Navy Ordered To Limit Sonar Use In Order To Protect Marine Life

The United States Navy has recently been given a reprieve from the previous lawsuits brought against them by organizations such as Natural Resources Defense Council and Earthjustice. The Navy has agreed to the put forth in the settlement and will limit their testing of sonar and explosive equipment in key whale territory such as that off the coast of Hawaii and Southern California. Whales, dolphins, and other marine mammals were being harmed by the sounds emitting from such actions.

In 2000, there was a surge of beached whales and certain other species off the coast of the island of Bahamas, and ensuing investigations by scientists concluded that the sonar testing that the Navy was doing in that area was responsible. The National Marine Fisheries Service, along with the U.S. Navy, did their own independent investigations and came to the same conclusion, that the instances of beached and dead whales was being caused by the sonars. The damages inflicted upon the mammals was observed through injuries caused by explosive testing performed by the United States Navy in the areas mentioned.

The lawyers from each company agreed that there was no need to compromise the lives of over 2,000 dolphins and whales for the sake of naval security. The Center For Biological Diversity report quoted the President of the NRDC, Rhea Suh and she suggested that there existed a way to protect the U.S. Naval fleet as well as whales and dolphins. It was pointed out by attorney David Henkin, on behalf of the organization, EarthJustice that these animals are highly dependent on their hearing for survival.

“If a whale or dolphin can’t hear it can’t survive. We challenged the Navy’s plan because it would have unnecessarily harmed whales, dolphins, and endangered marine mammals, with the Navy itself estimating that more than 2,000 animals would be killed or permanently injured. By agreeing to this settlement, the Navy acknowledges that it doesn’t need to train in every square inch of the ocean and that it can take reasonable steps to reduce the deadly toll of its activities.”

Sonar waves work by bouncing sound waves off surrounding objects, which then creates a map to help locate objects hidden in the water. Sound travels extremely well underwater, and thus these sonar pings from Navy ships can cause irreparable damage to the hearing of the ‘hyper-sensitive hearing’ of under water mammals. Their navigation, health and life are all dependent on their hearing as this helps coordinate their movements. Essentially, the testing performed by the military organization would severely compromise the population of the whales and dolphins possibly to the point of extinction in these areas.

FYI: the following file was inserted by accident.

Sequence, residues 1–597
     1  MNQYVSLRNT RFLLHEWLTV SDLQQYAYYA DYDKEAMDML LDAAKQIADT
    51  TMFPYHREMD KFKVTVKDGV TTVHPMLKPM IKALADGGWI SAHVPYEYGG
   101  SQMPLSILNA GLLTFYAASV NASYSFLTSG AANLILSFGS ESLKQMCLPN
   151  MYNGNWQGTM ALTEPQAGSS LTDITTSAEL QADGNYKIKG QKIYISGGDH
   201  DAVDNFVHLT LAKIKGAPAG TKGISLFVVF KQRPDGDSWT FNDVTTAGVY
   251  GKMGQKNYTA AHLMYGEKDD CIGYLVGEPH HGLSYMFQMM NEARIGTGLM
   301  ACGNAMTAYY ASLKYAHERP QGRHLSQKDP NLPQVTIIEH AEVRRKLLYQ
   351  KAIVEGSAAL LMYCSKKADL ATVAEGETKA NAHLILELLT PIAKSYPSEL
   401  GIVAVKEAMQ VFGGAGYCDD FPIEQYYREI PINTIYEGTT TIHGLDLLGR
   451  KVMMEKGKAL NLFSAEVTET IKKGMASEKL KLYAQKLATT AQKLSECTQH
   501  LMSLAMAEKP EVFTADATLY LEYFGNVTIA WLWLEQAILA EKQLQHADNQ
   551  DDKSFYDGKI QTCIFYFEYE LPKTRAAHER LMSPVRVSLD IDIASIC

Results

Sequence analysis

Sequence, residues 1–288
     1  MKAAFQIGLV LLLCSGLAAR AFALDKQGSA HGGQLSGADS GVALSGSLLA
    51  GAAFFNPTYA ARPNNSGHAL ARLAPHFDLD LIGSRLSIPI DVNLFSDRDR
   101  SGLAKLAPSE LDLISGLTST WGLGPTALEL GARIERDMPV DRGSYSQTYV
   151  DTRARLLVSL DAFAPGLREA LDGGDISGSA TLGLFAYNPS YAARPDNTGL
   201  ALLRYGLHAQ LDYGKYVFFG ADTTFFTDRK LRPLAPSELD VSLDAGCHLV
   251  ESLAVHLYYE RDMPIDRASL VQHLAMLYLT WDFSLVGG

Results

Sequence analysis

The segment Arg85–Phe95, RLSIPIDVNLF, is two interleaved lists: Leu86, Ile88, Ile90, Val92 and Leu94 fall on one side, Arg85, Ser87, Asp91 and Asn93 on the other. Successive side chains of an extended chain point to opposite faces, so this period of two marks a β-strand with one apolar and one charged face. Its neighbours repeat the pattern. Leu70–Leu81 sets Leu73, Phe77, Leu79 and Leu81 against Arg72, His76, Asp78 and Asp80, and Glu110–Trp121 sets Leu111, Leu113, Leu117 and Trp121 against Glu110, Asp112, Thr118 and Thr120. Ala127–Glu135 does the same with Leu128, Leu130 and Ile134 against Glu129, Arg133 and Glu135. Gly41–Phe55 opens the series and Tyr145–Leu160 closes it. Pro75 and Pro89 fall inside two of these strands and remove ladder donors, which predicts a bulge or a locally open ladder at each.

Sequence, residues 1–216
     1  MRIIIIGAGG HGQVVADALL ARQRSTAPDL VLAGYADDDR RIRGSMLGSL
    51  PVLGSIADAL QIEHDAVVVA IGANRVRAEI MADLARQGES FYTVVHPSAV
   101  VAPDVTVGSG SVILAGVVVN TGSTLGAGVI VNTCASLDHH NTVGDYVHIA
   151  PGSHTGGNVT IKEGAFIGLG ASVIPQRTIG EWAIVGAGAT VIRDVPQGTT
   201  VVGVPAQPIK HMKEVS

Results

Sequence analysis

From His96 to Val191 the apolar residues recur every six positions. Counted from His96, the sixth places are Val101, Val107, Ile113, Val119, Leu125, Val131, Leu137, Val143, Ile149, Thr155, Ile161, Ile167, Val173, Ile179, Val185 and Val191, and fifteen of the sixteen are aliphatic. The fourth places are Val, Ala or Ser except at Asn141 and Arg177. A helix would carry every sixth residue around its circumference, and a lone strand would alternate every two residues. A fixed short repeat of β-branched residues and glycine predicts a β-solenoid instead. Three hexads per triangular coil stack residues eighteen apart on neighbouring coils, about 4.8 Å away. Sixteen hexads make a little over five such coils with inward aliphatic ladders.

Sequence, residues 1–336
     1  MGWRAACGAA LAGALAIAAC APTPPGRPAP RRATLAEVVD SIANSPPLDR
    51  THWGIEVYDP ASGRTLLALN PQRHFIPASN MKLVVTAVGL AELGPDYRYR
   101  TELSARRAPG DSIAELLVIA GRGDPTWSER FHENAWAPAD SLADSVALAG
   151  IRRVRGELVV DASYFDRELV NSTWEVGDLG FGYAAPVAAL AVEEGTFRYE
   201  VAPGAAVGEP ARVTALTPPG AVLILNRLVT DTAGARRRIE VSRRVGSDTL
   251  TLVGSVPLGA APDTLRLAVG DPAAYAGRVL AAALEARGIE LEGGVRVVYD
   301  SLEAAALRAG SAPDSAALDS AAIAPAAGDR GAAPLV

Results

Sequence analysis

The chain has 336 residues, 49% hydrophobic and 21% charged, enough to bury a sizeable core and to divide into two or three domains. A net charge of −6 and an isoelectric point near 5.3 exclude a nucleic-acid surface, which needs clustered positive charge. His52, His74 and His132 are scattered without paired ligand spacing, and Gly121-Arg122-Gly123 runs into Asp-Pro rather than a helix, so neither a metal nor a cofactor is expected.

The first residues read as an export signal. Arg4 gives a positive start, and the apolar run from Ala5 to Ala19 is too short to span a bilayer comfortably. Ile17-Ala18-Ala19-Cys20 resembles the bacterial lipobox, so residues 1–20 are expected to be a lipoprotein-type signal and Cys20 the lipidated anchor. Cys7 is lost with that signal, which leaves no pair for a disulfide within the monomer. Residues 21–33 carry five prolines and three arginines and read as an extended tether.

PRI wrote that it was two years ago that the suit against the Navy was first brought by the NRDC, after the Navy’s 5 year plan to testing and training off Hawaii and Southern California. The company claimed that there were not adequate security measures in place to protect the marine life. Zak Smith, a senior attorney with NRDC mentioned that even according the U.S. Navy’s own estimations there would be approximately 9.5 million incidences of harmed mammals during that period.

The Endangered Species Act and the Marine Mammal Protection Act were what saw the NDRC winning their court claim and ensuring that the animals that the organisations are committed to protect would be safe. The agreement resulted in the U.S. Navy’s withdrawal of their original plans and it is the hope of Smith that they have been alerted to the long-term devastating impact of unnecessarily harming marine life. The military’s sonar signal often sends out traumatizing notes to the animals who respond by running ashore.

“It’s a huge victory for conservation of marine mammals because, for the first time, it asks, ‘How can we achieve our national security goals and our training goals while at the same time maximizing protection for marine mammals?”

The Navy is said to be working in tandem with fisheries to identify any biologically important areas to identify any that may be in the path of their continued plans and necessary steps taken to protect the mammals that could be harmed. The ruling handed down in Hawaii by the federal court forbids the Navy from using explosives and mid-frequency sonars on the north side of Maui, Hawaii, where toothed whales and endangered monk seals can be found. In California, the Navy agreed that in any areas where whale species could be found ships would be slowed and in addition they will not use explosives or sonar between Santa Catalina and San Nicolas Island as an important for the beaked whale is located. According to BBC News, there will also have to be a set amount of training areas established. The agreement also ends the suit that the wildlife conservation groups had brought against the fisheries in the area for permitting the damage.

The result of the agreement will hopefully mean a safe haven for the marine animals and fewer instances of injuries or death of the mammals due to military sonar activity.

[Photo Courtesy Of Wolfgang Kaehler/ Getty Images]